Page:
Toshiba are not known for their mobile phones, and at first glance, the G450 appears to demonstrate why. A succinct quote comes to mind: "What are you?", although the reply here isn’t "I’m Batman". The question is still valid so we take a closer look to find out what it is.
Out of the box you expect to find a mobile phone but the form factor sends you into a spin. Looking like a bloated USB stick (98 x 36 x 16mm), there are three round sections on the front, the top is a screen, the other two divide your normal number pad buttons between them: 1-6 on the top, 7-0, * and # on the bottom. On the left- and right-hand sides of the device you’ll find two rocker keys which are your calling buttons, volume, as well as navigation for the menus.
The screen is a 96 x 39 pixel OLED display, which basically gives you a few lines of information: across the top is the standard phone status information and then a couple of lines for navigation of menus, messages and so on. As far as mobile phones go, this is probably the smallest screen around offering the least functionality.
The arrangement of buttons across the two circles on the face of the device takes some getting used to but is not impossible to use – and with T9 support, you can happily bash out a few quick text messages. The volume control doubles up as a shortcut key, accessing your address book or opens a new text message, which saves diving into the menu which is tricky to navigate at best.
But the G450 is not really a phone, and the indicator of that is written down the side: Qualcomm 3G CDMA. Your first instinct is that the screen is too small to access the Internet on the go, and then the penny drops. It’s not a phone, it’s a mobile internet dongle, with a phone built-in. Ah ha!
Connect it to your computer and the onboard WellPhone XT installs. WellPhone is not the cleanest of software packages, but is a fairly powerful tool. Connect your G450 via USB and you have a range of functions available. First is the standard mobile internet option, it will simply dial-up and away you go.
We tried the G450 with two SIM cards, firstly straight out of our mobile phone on Orange, and secondly a SIM harvested from a 3 USB mobile broadband dongle, both worked fine, as you'd expect. The consideration here is the connection with your operator and how much you’ll have to pay depending on how you use the device.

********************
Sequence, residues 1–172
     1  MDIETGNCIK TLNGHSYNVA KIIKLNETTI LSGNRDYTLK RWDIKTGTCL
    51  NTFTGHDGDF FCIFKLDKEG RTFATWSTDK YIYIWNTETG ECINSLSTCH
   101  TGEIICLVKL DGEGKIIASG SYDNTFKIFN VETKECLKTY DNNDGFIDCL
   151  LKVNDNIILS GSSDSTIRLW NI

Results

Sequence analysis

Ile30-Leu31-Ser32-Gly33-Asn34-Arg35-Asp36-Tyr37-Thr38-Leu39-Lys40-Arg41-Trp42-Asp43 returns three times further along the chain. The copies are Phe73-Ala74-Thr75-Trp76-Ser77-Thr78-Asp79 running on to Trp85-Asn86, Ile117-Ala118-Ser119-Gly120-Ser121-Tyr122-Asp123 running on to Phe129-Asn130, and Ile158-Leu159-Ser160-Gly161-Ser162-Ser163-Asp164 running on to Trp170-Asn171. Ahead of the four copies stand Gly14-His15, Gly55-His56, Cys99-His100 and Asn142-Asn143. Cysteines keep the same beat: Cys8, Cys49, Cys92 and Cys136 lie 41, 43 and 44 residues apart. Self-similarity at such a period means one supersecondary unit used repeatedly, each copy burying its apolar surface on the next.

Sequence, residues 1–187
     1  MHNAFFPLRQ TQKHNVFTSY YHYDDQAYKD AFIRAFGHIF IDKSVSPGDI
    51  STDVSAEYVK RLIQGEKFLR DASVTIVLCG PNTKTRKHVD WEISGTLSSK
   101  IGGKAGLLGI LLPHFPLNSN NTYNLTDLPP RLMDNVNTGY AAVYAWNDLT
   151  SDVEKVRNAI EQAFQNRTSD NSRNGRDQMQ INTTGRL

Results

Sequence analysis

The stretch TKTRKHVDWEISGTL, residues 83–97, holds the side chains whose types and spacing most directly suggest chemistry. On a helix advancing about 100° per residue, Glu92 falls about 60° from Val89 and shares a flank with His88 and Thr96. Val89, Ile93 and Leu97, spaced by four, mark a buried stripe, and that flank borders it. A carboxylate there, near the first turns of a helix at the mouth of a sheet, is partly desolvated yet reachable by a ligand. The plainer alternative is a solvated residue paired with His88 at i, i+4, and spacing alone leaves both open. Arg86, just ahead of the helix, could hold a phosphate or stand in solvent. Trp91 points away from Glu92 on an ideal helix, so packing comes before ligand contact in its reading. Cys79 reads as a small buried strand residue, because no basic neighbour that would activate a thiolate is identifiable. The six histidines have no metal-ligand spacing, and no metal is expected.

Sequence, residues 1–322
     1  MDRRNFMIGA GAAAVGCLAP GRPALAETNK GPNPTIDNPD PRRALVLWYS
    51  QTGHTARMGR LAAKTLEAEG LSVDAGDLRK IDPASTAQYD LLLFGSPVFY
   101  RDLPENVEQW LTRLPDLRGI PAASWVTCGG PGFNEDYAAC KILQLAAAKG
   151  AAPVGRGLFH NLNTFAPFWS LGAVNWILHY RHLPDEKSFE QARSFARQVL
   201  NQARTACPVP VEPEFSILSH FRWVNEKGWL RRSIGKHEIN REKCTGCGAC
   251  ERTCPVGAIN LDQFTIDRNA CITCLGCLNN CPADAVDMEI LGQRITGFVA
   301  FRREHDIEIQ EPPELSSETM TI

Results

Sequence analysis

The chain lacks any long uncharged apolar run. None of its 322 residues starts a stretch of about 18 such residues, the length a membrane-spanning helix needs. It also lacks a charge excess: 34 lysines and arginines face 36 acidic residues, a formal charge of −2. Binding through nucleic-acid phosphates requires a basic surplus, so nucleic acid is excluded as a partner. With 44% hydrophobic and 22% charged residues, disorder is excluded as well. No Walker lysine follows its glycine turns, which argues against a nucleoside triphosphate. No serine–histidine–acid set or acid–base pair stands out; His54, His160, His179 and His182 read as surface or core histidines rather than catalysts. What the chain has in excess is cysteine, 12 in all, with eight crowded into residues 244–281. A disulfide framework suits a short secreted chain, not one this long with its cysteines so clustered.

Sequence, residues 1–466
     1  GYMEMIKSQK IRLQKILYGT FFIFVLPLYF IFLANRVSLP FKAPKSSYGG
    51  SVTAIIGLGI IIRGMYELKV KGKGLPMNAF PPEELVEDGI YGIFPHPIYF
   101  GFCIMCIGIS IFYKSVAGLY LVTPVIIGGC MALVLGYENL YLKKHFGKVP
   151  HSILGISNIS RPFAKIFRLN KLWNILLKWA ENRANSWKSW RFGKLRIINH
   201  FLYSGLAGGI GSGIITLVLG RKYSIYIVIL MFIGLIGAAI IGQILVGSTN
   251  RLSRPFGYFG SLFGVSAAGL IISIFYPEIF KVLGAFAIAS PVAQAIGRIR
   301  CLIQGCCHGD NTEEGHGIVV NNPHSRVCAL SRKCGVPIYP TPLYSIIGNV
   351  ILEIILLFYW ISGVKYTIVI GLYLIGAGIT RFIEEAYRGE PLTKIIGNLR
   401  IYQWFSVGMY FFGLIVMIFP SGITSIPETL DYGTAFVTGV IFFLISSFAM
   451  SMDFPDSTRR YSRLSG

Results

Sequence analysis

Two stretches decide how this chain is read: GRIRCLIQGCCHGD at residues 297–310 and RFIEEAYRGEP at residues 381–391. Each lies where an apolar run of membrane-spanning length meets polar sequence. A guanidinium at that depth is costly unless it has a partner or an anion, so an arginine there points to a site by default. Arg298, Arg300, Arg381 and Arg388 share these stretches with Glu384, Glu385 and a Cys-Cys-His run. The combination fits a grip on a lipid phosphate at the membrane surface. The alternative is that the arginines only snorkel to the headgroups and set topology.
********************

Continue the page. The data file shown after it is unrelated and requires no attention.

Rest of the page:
There are also a number of contact and message management tools in WellPhone, which are similar in appearance to Outlook, so it is simple to navigate. It finds your Outlook contact automatically, meaning you can throw them straight into the G450’s memory. You can also manage the contacts on your SIM card. In addition you can write SMS messages to send via your phone, as well as read new messages and browse sent items and so on, just like an email system.
The G450 makes much more sense in this context as things suddenly start working when connected to your PC. The WellPhone XT application also provides shortcuts to your default email and browser, so you can punch the button and the phone will connect to the Internet whilst your application launches, so you are ready to do whatever it was you wanted.
You can use your G450 as an MP3 player and a standard USB data stick. Simply drag and drop the files from your PC.
Connection to the G450 is via the Mini-USB on the bottom of the device and the supplied headphones have to connect through there; they are not very good from an audio point of view, but they double up as the handsfree headset as well.
Overall the Toshiba G450 is an interesting concept, but one that is likely to have limited appeal. As a mobile broadband dongle it needs to use a cable to connect rather than having a plug built-in, plus you pay a fair whack for the device – more than you would a dongle from an operator. That said, if you can get yourself a SIM that will give you the data requirements you need without ongoing contract costs, then a balance could be struck.
As a phone, it lacks many of the basic features you’d expect – no camera, a tiny screen, no Bluetooth – but connected to a PC it becomes a lot more manageable (but not unique as many mobile phone suites offer the same functions). But if you only ever use your phone for making calls, and need an HSDPA modem, then this may just fit the bill without have to carry two devices.
As Aristotle was reported to have said "There was never a genius without a tincture of madness", and somewhere flitting between the two is the Toshiba G450.